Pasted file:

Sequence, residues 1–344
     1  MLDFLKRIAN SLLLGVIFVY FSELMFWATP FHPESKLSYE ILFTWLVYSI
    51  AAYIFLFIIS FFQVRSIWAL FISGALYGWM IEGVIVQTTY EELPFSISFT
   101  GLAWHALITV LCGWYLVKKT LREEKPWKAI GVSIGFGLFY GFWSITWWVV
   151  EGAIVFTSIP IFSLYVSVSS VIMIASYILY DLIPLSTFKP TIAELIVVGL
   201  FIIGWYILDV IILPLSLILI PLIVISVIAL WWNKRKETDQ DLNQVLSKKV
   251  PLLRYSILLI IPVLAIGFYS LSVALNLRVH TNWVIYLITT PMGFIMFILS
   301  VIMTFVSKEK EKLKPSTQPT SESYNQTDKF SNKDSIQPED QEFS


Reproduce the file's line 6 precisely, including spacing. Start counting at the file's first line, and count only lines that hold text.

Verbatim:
   201  FIIGWYILDV IILPLSLILI PLIVISVIAL WWNKRKETDQ DLNQVLSKKV